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Lightweight, Flexible, Energy Efficient, Mass-Producible Solar Cells Now One Step Closer

Flexible solar cells that are lightweight, energy efficient, and mass-producible are now one step closer to being a reality thanks to new research from the University of Illinois at Urbana-Champaign and the University of Central Florida in Orlando.

Researchers at those universities devised a new way of creating large sheets of nanotextured, silicon micro-cell arrays — an important step towards the goal of said flexible, lightweight solar cells.

Debashis Chanda helped create large sheets of nanotextured, silicon micro-cell arrays that hold the promise of making solar cells lightweight, more efficient, bendable and easy to mass produce. Image Credit: UCF

The researchers created the new nanotextured sheets via the utilization of a light-trapping scheme “based on a nanoimprinting technique where a polymeric stamp mechanically emboss the nano-scale pattern on to the solar cell without involving further complex lithographic steps. This approach has led to the flexibility (that) researchers have been searching for, making the design ideal for mass manufacturing,” according to UCF assistant professor Debashis Chanda, of the Nanoscience Technology Center and the College of Optics and Photonics, and the lead researcher of the new study. Chanda has previously been the recipient of a Department of Energy solar innovation award, and a Natural Sciences and Engineering Research Council award, among others.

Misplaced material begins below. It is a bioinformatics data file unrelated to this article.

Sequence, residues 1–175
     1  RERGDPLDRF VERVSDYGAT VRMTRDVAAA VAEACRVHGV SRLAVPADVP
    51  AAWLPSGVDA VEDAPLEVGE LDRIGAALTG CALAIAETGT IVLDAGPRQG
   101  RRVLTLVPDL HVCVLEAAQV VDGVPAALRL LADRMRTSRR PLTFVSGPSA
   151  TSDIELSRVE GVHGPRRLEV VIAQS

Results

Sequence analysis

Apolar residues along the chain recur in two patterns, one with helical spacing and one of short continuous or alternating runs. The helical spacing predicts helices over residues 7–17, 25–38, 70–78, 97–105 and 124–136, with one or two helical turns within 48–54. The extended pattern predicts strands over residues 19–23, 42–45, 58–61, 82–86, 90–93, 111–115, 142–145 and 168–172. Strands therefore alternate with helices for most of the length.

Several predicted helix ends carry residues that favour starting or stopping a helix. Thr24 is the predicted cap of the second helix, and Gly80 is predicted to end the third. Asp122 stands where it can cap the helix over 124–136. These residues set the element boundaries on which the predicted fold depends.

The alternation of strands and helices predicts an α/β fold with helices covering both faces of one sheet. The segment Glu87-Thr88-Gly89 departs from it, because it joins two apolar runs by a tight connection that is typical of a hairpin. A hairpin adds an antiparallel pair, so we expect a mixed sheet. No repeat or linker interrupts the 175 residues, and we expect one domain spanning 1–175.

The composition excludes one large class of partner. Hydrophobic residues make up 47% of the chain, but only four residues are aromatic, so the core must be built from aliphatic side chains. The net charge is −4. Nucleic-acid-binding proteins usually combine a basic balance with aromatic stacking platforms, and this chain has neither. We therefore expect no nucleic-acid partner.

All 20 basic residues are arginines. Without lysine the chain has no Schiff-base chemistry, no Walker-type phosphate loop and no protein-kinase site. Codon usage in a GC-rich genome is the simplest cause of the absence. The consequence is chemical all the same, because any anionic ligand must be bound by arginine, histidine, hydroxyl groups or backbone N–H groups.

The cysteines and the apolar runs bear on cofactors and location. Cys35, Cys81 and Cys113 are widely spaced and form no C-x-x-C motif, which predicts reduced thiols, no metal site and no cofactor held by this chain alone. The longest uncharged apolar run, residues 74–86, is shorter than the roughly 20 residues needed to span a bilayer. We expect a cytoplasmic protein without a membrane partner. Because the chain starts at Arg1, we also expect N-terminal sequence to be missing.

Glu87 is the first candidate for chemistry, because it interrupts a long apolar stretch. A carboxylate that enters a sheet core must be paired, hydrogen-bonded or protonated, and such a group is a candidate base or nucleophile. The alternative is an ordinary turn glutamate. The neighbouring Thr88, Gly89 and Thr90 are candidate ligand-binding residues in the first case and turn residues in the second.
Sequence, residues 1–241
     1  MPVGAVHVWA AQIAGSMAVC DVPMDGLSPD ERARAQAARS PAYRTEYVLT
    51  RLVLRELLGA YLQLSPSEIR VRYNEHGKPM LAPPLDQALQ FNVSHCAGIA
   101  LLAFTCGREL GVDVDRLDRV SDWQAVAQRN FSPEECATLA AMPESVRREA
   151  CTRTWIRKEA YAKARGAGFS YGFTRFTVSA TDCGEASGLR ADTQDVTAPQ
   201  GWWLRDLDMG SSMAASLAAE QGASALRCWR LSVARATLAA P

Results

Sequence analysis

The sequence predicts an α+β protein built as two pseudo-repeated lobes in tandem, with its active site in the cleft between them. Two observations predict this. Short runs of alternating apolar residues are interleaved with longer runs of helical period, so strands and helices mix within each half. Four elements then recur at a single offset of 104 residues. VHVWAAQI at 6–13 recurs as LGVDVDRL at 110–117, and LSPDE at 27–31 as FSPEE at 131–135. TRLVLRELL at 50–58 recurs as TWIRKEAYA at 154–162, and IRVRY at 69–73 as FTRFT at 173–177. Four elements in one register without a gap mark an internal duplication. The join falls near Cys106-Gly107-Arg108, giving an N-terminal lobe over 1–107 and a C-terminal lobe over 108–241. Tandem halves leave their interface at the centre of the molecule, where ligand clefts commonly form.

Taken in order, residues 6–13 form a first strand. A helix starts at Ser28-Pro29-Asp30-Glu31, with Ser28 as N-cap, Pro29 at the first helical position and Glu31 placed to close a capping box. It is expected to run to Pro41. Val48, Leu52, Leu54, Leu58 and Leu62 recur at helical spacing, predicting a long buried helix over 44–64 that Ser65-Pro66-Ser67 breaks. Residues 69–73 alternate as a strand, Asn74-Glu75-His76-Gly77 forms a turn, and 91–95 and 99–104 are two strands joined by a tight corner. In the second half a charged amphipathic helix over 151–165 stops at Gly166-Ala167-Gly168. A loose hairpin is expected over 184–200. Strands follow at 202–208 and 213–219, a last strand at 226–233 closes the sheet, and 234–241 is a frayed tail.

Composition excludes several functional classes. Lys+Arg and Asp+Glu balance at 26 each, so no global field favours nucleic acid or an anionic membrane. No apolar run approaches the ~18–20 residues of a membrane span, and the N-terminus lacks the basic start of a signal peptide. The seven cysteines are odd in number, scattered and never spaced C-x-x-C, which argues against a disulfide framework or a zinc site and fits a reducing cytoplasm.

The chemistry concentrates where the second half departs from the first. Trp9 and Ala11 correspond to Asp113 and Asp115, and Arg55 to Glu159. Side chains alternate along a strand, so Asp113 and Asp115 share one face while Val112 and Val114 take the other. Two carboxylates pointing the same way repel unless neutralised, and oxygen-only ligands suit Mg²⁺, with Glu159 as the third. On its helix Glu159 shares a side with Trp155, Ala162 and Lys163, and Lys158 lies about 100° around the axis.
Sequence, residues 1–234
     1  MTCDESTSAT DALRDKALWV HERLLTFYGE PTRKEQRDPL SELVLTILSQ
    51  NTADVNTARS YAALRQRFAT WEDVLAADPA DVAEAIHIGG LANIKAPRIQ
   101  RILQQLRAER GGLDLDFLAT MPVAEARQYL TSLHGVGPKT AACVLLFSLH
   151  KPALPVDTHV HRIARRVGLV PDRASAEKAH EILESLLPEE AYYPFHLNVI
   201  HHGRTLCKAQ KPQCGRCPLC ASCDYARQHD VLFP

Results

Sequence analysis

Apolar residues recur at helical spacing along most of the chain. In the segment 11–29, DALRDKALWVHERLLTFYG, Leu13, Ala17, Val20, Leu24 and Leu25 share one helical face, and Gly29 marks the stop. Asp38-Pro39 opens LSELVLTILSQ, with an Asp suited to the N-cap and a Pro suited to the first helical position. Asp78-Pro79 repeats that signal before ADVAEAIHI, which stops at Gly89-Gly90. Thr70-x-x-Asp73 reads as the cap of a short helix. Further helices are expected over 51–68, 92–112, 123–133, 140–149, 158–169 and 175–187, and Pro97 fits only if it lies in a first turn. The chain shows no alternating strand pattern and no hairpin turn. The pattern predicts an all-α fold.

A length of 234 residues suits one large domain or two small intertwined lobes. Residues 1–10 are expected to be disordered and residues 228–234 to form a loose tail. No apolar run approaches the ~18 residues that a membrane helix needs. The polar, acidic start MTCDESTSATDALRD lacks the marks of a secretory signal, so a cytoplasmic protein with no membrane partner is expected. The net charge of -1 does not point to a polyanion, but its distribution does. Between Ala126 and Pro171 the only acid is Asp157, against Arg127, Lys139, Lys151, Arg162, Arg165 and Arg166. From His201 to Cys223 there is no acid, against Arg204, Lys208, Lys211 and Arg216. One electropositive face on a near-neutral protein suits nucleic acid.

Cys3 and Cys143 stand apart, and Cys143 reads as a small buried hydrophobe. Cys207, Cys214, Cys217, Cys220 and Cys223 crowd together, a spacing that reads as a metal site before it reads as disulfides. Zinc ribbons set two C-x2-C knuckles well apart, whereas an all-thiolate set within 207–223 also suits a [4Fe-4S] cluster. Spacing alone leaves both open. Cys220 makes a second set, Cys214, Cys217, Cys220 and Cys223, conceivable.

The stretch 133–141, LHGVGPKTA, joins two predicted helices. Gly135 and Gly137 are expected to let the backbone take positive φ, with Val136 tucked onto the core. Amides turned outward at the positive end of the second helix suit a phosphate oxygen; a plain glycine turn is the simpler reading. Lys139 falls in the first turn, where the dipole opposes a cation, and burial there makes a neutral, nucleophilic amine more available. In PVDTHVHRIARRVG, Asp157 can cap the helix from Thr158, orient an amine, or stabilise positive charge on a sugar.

The University of Central Florida provides more:

Previously, scientists had suggested designs that showed greater absorption rates of sunlight, but how efficiently that sunlight was converted into electrical energy was unclear, Debashis said. This study demonstrates that the light-trapping scheme offers higher electrical efficiency in a lightweight, flexible module.

The team believes this technology could someday lead to solar-powered homes fueled by cells that are reliable and provide stored energy for hours without interruption.

The new findings are detailed in a paper published in the journal Advanced Energy Materials.

 
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Written By

James Ayre's background is predominantly in geopolitics and history, but he has an obsessive interest in pretty much everything. After an early life spent in the Imperial Free City of Dortmund, James followed the river Ruhr to Cofbuokheim, where he attended the University of Astnide. And where he also briefly considered entering the coal mining business. He currently writes for a living, on a broad variety of subjects, ranging from science, to politics, to military history, to renewable energy.

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